[Ip-health] INDIAN HEALTH MINISTRY URGED TO BEGIN PROVIDING HEP-C TREATMENT NOW : OPPOSE PATENT ON NEW HEPATITIS C DRUG AND DEMAND AFFORDABLE ACCESS

Tahir Amin tahir at i-mak.org
Thu Mar 20 15:45:59 PDT 2014


*INDIAN HEALTH MINISTRY URGED TO BEGIN PROVIDING HEP-C TREATMENT NOW*



*OPPOSE PATENT ON NEW HEPATITIS C DRUG AND DEMAND AFFORDABLE ACCESS *



*New Delhi, 21 March 2014 - *With oral drugs promising to simplify and
improve hepatitis C (HCV) treatment, the Indian Health Ministry should
start rolling out treatment now for the millions of people waiting, said
the Delhi Network of Positive People (DNP+) at a protest held today outside
the premises of the Ministry of Health & Family Welfare.



"I have already endured HCV treatment, with painful injections and side
effects, but I am still sick with the infection," said Umesh Sharma, of
Indian Drug Users Forum (IDUF). "Like many people who are chronically
infected with HCV, I'm anxiously waiting for the government to start
treatment with oral drugs. I do not want to die from a disease when
effective oral treatment could be made available."



The World Health Organization estimates that more than 12 million people in
India may be chronically infected by the hepatitis (HCV) virus, most of
whom do not know they are infected.  The number of people who are going to
get sick or die due to HCV infection are expected to keep rising in India
as infections incurred years ago increasingly take their toll. The
complexities and costs associated with the current injectable treament,
have acted as a deterrent for treatment providers and governments like
India from investing in a Hepatitis C testing and treatment programme.



But, treatment is improving dramatically: potent oral medications, called
direct-acting antivirals (DAAs), are dramatically increasing cure rates.
New DAAs - including sofosbuvir approved by the USFDA in December 2013 and
many others in late-stage development - can be produced generically in
India and marketed at very affordable prices, just like antiretrovirals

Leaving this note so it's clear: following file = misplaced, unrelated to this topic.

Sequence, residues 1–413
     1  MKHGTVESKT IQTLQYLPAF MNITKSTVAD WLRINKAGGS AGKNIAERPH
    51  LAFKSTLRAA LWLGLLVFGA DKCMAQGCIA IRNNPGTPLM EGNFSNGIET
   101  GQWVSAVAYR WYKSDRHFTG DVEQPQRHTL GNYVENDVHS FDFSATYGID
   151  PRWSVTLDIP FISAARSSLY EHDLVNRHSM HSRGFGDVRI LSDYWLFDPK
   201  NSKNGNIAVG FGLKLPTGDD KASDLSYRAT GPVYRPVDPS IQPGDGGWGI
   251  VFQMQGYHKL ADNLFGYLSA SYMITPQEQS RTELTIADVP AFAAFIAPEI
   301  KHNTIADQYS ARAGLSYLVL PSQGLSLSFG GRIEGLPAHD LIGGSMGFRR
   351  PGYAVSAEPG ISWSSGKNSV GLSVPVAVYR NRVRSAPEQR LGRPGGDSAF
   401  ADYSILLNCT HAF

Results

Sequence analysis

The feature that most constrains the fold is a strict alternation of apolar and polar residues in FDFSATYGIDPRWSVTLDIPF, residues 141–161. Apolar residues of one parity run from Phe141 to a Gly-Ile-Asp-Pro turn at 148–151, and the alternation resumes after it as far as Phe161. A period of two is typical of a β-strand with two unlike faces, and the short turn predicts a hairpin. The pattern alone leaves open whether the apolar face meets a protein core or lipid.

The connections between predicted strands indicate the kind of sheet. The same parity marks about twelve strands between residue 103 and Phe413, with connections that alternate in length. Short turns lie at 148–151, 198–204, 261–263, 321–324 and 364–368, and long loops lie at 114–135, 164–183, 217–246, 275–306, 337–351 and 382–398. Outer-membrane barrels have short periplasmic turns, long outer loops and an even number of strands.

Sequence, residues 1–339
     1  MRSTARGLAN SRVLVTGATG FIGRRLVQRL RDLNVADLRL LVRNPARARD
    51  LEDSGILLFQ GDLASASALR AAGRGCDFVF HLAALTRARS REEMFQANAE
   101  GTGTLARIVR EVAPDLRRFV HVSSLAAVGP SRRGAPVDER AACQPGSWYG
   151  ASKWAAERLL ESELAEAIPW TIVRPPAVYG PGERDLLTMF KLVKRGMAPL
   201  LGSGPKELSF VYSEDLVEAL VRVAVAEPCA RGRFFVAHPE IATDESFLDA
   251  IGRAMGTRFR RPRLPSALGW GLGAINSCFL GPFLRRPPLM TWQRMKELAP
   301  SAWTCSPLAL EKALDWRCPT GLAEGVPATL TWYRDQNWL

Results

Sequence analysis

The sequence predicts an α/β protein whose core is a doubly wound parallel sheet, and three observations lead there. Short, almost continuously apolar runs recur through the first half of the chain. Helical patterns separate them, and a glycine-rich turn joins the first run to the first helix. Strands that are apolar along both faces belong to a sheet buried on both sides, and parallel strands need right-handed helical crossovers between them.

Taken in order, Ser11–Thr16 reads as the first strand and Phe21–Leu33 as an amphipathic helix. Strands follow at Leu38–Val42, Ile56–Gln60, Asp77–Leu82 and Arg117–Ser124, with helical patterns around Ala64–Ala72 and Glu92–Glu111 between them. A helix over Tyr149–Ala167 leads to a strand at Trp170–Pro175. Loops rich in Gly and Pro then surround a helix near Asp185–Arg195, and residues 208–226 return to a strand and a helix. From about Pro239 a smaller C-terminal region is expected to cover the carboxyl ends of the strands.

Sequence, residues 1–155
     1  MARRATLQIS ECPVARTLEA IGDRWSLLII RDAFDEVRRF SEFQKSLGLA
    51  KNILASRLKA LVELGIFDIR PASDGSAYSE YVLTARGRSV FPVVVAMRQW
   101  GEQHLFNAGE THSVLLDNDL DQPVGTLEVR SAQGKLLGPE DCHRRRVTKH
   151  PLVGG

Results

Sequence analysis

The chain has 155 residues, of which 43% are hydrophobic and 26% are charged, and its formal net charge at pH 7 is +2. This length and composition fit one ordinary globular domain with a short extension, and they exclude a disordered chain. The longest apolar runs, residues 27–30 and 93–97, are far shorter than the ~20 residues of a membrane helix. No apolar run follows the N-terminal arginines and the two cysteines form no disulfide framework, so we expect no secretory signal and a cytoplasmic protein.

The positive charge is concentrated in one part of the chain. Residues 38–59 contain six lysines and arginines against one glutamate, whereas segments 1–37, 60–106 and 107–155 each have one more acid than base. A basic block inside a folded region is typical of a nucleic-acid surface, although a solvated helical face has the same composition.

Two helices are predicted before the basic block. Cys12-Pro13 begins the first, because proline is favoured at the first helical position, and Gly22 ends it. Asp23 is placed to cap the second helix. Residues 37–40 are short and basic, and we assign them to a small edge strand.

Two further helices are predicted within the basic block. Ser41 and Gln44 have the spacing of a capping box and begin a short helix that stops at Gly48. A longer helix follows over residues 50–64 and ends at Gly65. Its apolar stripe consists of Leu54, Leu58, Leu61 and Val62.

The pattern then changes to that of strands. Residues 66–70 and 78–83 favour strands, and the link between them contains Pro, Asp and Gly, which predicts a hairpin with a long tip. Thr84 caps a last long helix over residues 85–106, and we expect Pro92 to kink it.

(ARVs) used in the treatment of HIV. For example, a twelve-week course of
sofosbuvir, produced generically, is estimated to cost between US $130-US
$270; daclatasvir, a highly effective drug from a different class, produced
by BMS, may cost just US $10- $30 per treatment course.



Gilead's is expected to apply for Drug Controller General of India (DCGI)
approval for sofosbuvir in the coming months.



"Now is the time to fight for affordable DAAs so that everyone who needs it
has access to life-saving HCV treatment," said Vikas Ahuja, President of
DNP+.



Although Gilead Sciences, has applied for multiple patents on sofosbuvir in
India, the country's intellectual property laws are strict about what does
and what does not deserve a patent.



This week, DNP+ and Initiative for Medicines Access and Knowledge (I-MAK)
together filed a patent opposition before the Delhi Patent office to
prevent Gilead, a US pharmaceutical company from gaining a patent in India.



"To get a patent under the law, you need to show that your drug is
scientifically new. We believe that Gilead does not meet this lawful
requirement. Opposing the patent at the examination stage is a way of
ensuring patients have access to this drug at affordable prices without
unnecessary patent barriers standing in the way," said Tahir Amin,  Director
of intellectual property at I-MAK.



In the last decade, availability of affordable generics drugs dramatically
expanded access to HIV treatment to millions across the world. As HIV
becomes an increasingly manageable chronic infection in developing
countries, more people are now dying of complications from the co-infection
with hepatitis C virus, undermining the success of the HIV treatment
scale-up.



" The Indian government is providing TB and HIV treatment to millions of
patients. It has the same responsibility to treat HCV and save millions of
people who are chronically infected with HCV in India. We learnt with HIV
that we have to fight for a national treatment programme to start with and
for drugs to be affordable, and we are applying these lessons to hepatitis C,"
says Loon Gangte, of ITPC South Asia.



*Contact:* Shailly Gupta: +91 9899976108

shailly.gupta at geneva.msf.org


-- 
Tahir Amin
Co-Founder and Director of Intellectual Property
Initiative for Medicines, Access & Knowledge (I-MAK)
*Website:* www.i-mak.org
*Email:* tahir at i-mak.org
*Skype: *tahirmamin
*Tel:* +1 917 455 6601/+1 646 884 7418/+44 771 853 9472
*Press: *The Guardian http://tinyurl.com/mooycg5 |The New York Times:
http://tinyurl.com/kowtmzn



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